5 Things to Watch Out For Before You Splurge Online in Foreign Currencies

online shopping

Shopping online has made it so easy to spend your hard earned money. Because you don’t actually see any cash changing hands, or see what effect the weight of your shopping bags has on your boyfriend’s biceps, you often end up spending more than you already expect. But while we can’t control your need to shop, what we can do is make sure you avoid any inconvenience by telling you what to watch out for. So before you get ready to splurge on the next Amazon or Zalora sale, do keep in mind these 5 points.


1. Incurring extra transaction fees

We’ve mentioned before about credit card fees you don’t know about. Top of that list was foreign transaction fees. We go into a lot of detail in that other article, but basically here is a quick summary.

If you make any transaction overseas, whether in person or online, there are additional fees that are charged on top of your purchase price. These fees are usually a small percentage of between 2% to 4%, depending on which credit card you use and what currency you transact in.

Different credit card companies charge different rates for overseas transactions. However, when it comes to currency conversion, a foreign currency will always be converted to US dollars first, and then to Singapore dollars. This is true for all banks and credit card companies. So if you’re given the option of paying in US dollars, it might be a good idea to take it.


2. Getting a refund, and realising it’s not the same amount

If, for whatever reason, you need to get a refund for your online purchase, you might notice that it may not be the exact amount that you paid for it. This might be strange to you because the overseas merchant refunded the same amount in foreign currency.

However, since the date of the refund is different from the date of the transaction, you’ll definitely notice the difference in foreign exchange rates. If you get back more than you spent, then congratulations. Go buy yourself a 4D ticket with the money and hope your luck continues.

However, most of the time, you’ll probably get back less than what you paid. The good news is, most banks do allow you to call in and request for the difference to be given to you. Usually, this difference is no more than $5, so the bank has no problems absorbing the cost and you should be able to settle in a single call. If the customer service officer does have a problem, don’t be afraid to escalate the issue to a manager.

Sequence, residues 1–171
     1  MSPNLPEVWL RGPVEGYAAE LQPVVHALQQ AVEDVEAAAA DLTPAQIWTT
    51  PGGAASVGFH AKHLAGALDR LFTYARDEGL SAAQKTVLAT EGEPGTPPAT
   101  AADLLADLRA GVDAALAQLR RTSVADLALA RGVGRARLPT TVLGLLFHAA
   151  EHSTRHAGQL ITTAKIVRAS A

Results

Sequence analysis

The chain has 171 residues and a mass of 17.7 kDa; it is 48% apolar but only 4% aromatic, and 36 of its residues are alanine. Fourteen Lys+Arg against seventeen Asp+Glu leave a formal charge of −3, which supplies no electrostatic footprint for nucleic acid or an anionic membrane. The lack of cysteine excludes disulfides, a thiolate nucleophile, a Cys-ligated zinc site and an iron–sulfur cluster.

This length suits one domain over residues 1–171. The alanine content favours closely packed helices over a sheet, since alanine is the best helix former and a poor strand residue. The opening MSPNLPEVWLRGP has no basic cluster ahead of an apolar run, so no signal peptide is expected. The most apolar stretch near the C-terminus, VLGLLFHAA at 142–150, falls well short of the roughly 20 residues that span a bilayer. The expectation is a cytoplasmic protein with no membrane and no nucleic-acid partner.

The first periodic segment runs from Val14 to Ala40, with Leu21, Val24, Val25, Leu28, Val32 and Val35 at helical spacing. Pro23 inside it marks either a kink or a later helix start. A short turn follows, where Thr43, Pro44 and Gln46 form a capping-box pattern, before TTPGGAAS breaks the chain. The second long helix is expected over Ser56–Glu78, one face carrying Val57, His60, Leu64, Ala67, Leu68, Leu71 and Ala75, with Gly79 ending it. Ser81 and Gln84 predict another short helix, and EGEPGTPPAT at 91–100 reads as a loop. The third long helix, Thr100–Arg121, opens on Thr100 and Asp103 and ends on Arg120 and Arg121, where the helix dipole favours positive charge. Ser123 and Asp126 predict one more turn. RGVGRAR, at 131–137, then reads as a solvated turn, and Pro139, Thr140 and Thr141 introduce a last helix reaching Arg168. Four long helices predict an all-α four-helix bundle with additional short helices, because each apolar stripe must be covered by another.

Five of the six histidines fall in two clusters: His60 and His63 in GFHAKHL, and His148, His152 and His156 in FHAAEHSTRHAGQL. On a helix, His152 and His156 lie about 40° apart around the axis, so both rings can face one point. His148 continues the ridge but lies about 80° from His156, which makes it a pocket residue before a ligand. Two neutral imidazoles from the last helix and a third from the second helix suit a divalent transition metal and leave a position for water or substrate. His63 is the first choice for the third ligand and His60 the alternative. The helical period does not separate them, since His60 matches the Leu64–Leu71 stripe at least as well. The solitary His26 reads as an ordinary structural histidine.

3. Setting Transaction Alerts

Did you know that your bank will notify you automatically via SMS if your credit card has been used for the first time? These notifications can be customised on many levels. For example, you can request for the bank to notify you every time your credit card is used in Singapore for transactions above a certain amount. You can also request for a similar notification should your credit card be charged in an overseas currency.

The purpose of this is for security, of course, and to make sure you’re notified if there are any transactions that are more than what you would normally spend on your card.

However, there’s a fine line between being secure and being paranoid. Just like you wouldn’t wear adult diapers unless you have a really serious problem with your bladder, neither should you be worried about every transaction that you do online. So please don’t call the bank and request to be notified for every transaction on your card above $1.


4. One Time Passwords

It was quite a big deal when 2-Factor Authentication was first introduced back in 2010 for online credit card transactions. This means that, after you submit your credit card details, you’ll be brought to another screen where you have to key in a password that is SMSed to you.

In those early years of implementation, most credit card holders had not updated their contact numbers with the bank. To make a long story short, their online transaction could not go through as a result, which meant a lot of them lost the chance to book their cinema seats. You can just imagine how “popular” credit card customer service officers suddenly became.

These days, however, 2-Factor Authentication should not be a big deal. However, whenever you get a new mobile number, don’t forget to update your bank as soon as possible to avoid any inconvenience later on.


5. Avoiding Credit Card Fraud

Ultimately, the main thing you should be concerned about when going online to transact with your credit card is the possibility of credit card fraud. There’s no point getting the best credit card for online shopping, if someone else is going to steal your information and go on a shopping spree. Because your physical card and signature are no longer needed for a transaction to go through, always be careful when revealing your credit card information online.

Firstly, make sure that the website requesting your credit card details is legitimate. Know the difference between “Amazon” and “4maz0n”, or “eBay” and “3bay”. Scam websites are all over the Internet preying on people who don’t check before keying in their information.

Secondly, watch out for websites that claim you won’t be charged even if you key in your credit card details. For example, if a certain page claims to need your credit card details to confirm “that you’re an adult”, then chances are it’s a scam website and you should feel ashamed for even thinking of visiting such websites.

Thirdly, make sure that the website you’re transacting on is secure. You can usually check this by making sure the website address begins with “https” (the ‘s’ stands for secure).


Know any other things online shoppers should watch out for? Share them with us.